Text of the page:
Vital Shots Buffalo

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    Oct 1, 2007
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    Vital Shots Buffalo
    by Captain Chauncey Hugh Stigand (1877 - 1919)


    This animal has always been painted blacker than it is as regards its usual behaviour, but when once wounded there is hardly a more dangerous beast, especially if it has to be followed up in thick cover.
    Care should be taken, therefore, to put a deadly shot in at first, and there is no better place to shoot than the point of the shoulder if the beast is broadside on.
    If facing, and its head is up, shoot at the base of the neck for a raking body shot.
    If quarter facing, aim at the side of the neck so that the bullet will get to the opposite shoulder.
    The best type of bullet for buffalo would be the dum-dum, that is a bullet with the lead just exposed at the point.
    For close quarters, in following a wounded animal, a big bore might be useful, for there is no doubt that once a wounded buffalo has made up its mind to charge, it means business, so it is better to have something in one's hand that will knock it down or knock all the charge out of it, though on ordinary occasions they can be killed easily enough with "303 and "256 rifles.
    Solids are also good for buffalo, but we think a bullet with lead just showing the best.
    If using a single-loading rifle, load up quickly after each shot, and if a magazine is used be sure there are cartridges in the magazine as a reserve.
    If charged it would be easy to escape if a tree was handy, or an ant-hill. In the open, of course, it would not be necessary to go closer than 100 yards, at which distance there would be no difficulty in killing the animal. Wounded animals, however, will seldom be found in the open if there is cover about, unless they are so badly wounded that they are unable to reach it.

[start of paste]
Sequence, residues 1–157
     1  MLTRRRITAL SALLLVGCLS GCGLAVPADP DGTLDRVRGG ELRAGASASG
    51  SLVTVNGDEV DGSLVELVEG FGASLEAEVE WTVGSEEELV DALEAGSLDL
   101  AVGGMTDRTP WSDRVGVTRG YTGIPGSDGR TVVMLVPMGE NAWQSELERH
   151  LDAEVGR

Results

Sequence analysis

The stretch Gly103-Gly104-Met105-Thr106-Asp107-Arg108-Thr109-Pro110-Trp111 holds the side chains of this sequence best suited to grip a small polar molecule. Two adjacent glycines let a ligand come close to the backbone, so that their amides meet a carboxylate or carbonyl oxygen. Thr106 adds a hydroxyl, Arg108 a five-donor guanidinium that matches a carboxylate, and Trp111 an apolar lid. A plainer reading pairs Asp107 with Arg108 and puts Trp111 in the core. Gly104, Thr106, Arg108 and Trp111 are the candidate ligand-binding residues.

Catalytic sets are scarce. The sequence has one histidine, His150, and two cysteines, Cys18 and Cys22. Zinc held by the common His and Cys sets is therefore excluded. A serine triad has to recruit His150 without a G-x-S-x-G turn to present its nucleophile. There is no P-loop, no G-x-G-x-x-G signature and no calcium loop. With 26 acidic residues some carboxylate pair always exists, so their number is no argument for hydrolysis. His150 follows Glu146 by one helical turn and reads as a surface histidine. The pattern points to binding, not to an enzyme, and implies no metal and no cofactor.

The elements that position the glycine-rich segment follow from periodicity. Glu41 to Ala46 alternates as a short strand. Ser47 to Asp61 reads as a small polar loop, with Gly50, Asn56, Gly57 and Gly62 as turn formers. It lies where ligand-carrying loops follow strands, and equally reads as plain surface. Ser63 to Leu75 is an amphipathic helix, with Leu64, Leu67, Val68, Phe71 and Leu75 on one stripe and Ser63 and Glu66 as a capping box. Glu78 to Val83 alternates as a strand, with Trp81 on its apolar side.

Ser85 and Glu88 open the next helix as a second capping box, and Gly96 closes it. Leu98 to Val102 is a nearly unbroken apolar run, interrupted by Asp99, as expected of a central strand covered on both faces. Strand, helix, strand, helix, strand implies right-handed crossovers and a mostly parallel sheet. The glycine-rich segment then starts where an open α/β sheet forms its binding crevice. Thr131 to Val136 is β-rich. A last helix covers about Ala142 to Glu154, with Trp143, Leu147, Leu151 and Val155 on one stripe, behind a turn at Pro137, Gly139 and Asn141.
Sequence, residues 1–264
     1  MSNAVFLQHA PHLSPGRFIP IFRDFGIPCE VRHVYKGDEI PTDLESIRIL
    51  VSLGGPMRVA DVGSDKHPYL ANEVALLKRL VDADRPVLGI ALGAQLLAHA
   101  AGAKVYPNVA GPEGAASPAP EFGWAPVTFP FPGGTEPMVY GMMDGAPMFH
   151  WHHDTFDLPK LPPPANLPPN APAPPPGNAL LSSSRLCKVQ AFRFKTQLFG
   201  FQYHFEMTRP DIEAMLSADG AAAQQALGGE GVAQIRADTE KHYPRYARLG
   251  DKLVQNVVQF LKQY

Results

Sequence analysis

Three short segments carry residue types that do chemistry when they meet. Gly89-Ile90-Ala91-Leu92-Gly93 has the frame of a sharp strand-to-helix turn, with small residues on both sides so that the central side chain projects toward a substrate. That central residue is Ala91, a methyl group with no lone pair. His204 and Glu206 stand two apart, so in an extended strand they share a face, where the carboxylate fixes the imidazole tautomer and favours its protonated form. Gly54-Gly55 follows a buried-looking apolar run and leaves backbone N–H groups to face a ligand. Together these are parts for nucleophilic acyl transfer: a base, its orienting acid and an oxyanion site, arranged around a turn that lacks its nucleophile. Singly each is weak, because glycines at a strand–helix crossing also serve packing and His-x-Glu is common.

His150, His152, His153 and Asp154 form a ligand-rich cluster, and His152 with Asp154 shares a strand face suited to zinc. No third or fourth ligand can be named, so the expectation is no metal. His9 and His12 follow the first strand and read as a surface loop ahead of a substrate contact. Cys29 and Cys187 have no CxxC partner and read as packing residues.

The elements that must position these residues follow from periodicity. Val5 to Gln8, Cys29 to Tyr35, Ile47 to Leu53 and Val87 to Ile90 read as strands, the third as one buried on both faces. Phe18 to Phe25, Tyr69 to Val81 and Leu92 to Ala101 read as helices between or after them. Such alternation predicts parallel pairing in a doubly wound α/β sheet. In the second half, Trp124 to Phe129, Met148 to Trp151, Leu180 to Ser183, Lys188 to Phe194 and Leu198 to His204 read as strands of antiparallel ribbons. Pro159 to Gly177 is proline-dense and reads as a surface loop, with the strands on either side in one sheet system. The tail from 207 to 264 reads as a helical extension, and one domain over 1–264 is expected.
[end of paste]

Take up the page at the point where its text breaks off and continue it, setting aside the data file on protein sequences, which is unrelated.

The question of vital shots is a most important one, for, after the game is sighted, it is necessary that the sportsman should know exactly where to hit it, so as to kill it quickly, saving the animal perhaps many days of suffering, and the hunter the time and trouble of following it up.
    Nothing is more distressing to the man with humane sporting instincts than to feel that he has sent an animal off with a painful wound to die slowly, tormented by flies, maggots, and the nightly terror it will suffer from lions, hyaenas, jackals, or hunting dogs.
    It would be well, then, to shoot coolly, and not to aim at an animal's whole body, but at the exact spot you wish to hit.
    Never jerk the rifle off, but press the trigger gently, and, when possible, sit down. When this is impossible, if a tree is handy, rest the rifle against it, taking care to have the arm or hand between the barrel and tree to prevent jump.
    It would, perhaps, be better to take the animals in order of size and the difficulty in killing them.

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